Town Meeting Update: Possible phased approach for Public Health budget using Special Fall Meeting

The Board of Selectmen voted to support holding a Special Town Meeting this fall. But the motion was qualified as a “soft” commitment, reflecting the Board’s uncertainty of what’s ahead.

In spring 2020, Selectmen strategized to limit Annual Town Meetings to only those essential. At the time, they planned to table the other Articles to a Special Town Meeting they had already hoped to hold last fall.

This year, there are some items that selectmen have discussed would be more ideal to tackle in the fall. But given their inability to hold a Special Meeting last fall, not all selectmen have been confident about planning for one this fall.

On Tuesday night, the topic was raised again. Selectman Chelsea Malinowski asked the Board to commit to holding a Special Town Meeting in the fall. It was part of a strategy she outlined for financing the Board of Health’s budget requests.

[Editor’s Note: It’s worth pointing out here something I missed noting last month. Malinowski is running unopposed for a seat on the Board of Health in the May election.]

As I’ve previously covered, the Board of Health is seeking to expand staffing for the Public Health Department. The budget presented discussed at this week’s BOS meeting called for a 111% increase over last year’s budget and adding full time employee benefits. 

BOH Chair Mary Lou Woodford told selectmen that when Covid hit, Southborough Public Health was poorly positioned to respond. The BOH examined why. The reasons were complex but basically pointed to the the underfunding of the department. Woodford pitched that the public should really be thinking of Public Health as the third leg of public safety. She noted that when other communities built public safety stations, public health departments were included.

While selectmen didn’t vote on budgets on Tuesday, Woodford appeared to have swayed selectmen that the requested staffing is needed. Still, they hoped that the spiked expense could be phased in for taxpayers. Selectmen have discussed seeking to fund extra staffing needs for this calendar year through the federal CARES Act. But the funds can’t be used for expenses budgeted for normal ongoing activities.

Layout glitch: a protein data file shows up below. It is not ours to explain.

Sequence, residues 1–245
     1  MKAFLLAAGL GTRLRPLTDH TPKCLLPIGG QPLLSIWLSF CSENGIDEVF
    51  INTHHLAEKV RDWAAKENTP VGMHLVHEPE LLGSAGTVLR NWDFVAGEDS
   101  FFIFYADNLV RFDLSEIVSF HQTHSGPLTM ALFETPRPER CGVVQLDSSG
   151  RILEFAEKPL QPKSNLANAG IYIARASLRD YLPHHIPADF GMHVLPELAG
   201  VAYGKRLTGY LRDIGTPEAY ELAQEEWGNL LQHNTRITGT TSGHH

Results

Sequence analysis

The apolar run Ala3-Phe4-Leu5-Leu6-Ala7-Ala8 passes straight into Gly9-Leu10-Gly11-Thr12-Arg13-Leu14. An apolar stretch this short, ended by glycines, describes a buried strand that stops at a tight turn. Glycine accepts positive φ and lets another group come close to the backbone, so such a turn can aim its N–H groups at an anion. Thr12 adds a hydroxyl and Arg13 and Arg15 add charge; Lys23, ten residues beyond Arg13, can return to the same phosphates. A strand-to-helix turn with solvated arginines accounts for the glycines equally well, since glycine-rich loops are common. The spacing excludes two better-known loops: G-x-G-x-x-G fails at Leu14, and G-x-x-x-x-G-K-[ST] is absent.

Malinowski proposed a phased plan for covering the costs. It would work as follows:

  1. Bring a BOH Budget with part time staffing levels approved last year to Annual Town Meeting.
  2. Fund the extra staffing needs through contracts with the staff that run through December 31st.
  3. Apply for CARES Act funding to reimburse the Town for the extra costs.
  4. Hold a Special Town Meeting in the fall and present a Board of Health budget request to increase staffing levels effective January 1st.

Woodford told selectmen that if they can’t offer their current Public Health Director a full time position with benefits, she’ll walk. The Chair explained that Dr. Heather Alker has only been able to work part time because she also has another part time commitment. But the situation isn’t sustainable. 

Malinowski clarified that the contract would provide benefits in addition to the extra hours.

Selectman Brian Shea recommended that Woodford be given time to vet the strategy with her board rather than being put on the spot. He and Stivers both worried that the uncertainty of the fuding approach would make hiring and retaining Public Health staff difficult.

Malinowski suggested that if selectmen committed to a Fall Special Town Meeting it would reassure BOH about the strategy. BOS Chair Marty Healey moved to amend the motion to “soften” it. He noted that a Special Town Meeting isn’t really committed to until it is scheduled. 

Healey did indicate that Vice Chair Lisa Braccio has made headway in convincing him that a Special Town Meeting is needed. Braccio serves on the Capital Planning Committee. The Capital committee has discussed in the past that some capital expenses might make sense to discuss in the fall.

Later in the meeting, Braccio also acknowledged that the Downtown District zoning bylaw Article she has been spearheading might also benefit from a fall meeting. That will depend on how far officials can get this spring in resolving some of the issues raised by concerned residents.

And last week, selectmen agreed to indefinitely postpone a semi-related Article. The Board had considered pursuing the purchase of a National Grid parcel near Downtown as a potential site for wastewater treatment for Main Street businesses. A Feasibility Study is in the works. Depending on the study’s findings and timing, selectmen could revisit that for the fall.

Another Article that I wouldn’t be shocked to see moved to a fall meeting is the South Union Building disposition request. The Board doesn’t want to pay for another year of maintaining the building. But the timeline is pretty aggressive. Bids on the RFP aren’t due back until May 5th, just 17 days before Annual Town Meeting opens.

That project is sure to bring out competing desires of different community stakeholders. Some have already expressed interest in preserving the historic building, increasing affordable housing, and/or protecting open space. There are also taxpayers who will be looking to maximize revenue in a sale of the property. The likelihood of a bid coming in that officials can convince 2/3 of voters to support in that tight of a timeframe seems optimistic.

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